British Telecom has also supported a significant number of causes or community projects relevant to its corporate image. In 1996, it made contributions in cash and kind worth £15 million to projects ranging from a charity for the homeless to environmental initiatives. British Telecom has now moved closer to its customers with this longer-term strategy which is advantageous for all parties.

Many companies are involved in some form of cause-related marketing. This kind of partnership captures the consumer's attention and can move them from passing interest to an intention to buy. It is important to note, companies need to be honest with themselves and establish the credibility of what they are doing.

Building Fair Trade Associations

Research from Christian Aid found that 85% of people wanted to see fairly-traded products in their supermarket and that 68% would pay more for them if they could be sure the products are ethical or environmentally friendly.

As an example, Cafédirect was launched in the United Kingdom in 1992 by the Fairtrade Organisation. This was set up by set up by Oxfam, Christian Aid, CAFOD, Traidcraft Exchange and the World Development Movement. The organisation aims to manufacture and market products on a fairly traded basis and make them available to British consumers in the wider marketplace. The goods are marketed in a way that benefits the people in the Third World who do the work. At the end of 1994, Cafédirect was in all the major supermarkets of the United Kingdom, and had sold a million packs, reaching a 10% value share. Cafédirect was the first product launched under the Fairtrade umbrella, followed by Clipper Tea and Maya Chocolate.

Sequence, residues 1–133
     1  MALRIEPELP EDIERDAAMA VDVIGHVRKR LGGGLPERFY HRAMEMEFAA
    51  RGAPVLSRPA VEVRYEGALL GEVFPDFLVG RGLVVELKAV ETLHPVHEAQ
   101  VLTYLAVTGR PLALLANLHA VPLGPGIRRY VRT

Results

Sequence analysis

Integration of Disabled People

Up to now, the disabled community has been seen as "tragic but brave" victims. To challenge this stereotype, Nike used Peter Hull, the disabled athlete, in its pre-Olympic campaign. He was chosen for an inspirational advertisement about running a marathon. On one hand, the advertisement was well perceived as it challenged people's assumptions for running the marathon, and not just showing the disability. On the other hand, it portrayed the disabled as "superhuman" which was subject to possible criticism. It can be said that companies which "dare to" represent disability in their advertising face a risk of mis-interpretation.

Companies need and can easily take part in shifting society's perception in a positive way and not only for the disabled but for other disadvantaged sections of society. Advertising can help the company to be seen as socially responsible and responsive.

Summary

As more and more consumers are willing to make their brand or store choice on the basis of the company's ethical credentials, marketers have to move away from what may be perceived as marketing hype to genuine action.

To succeed today, businesses may need to be run more like social institutions. They should bear in mind that acting as a good corporate citizen may have more value than "buy one, get one-free" promotions. They will be seen as "a credible company" with a positive corporate reputation, with more robust values and a prominent corporate identity.

It is better to take control of your own corporate image before others seize the opportunity negatively. There are various organisations available such as Business in the Community in the UK which can help to devise community-related programmes.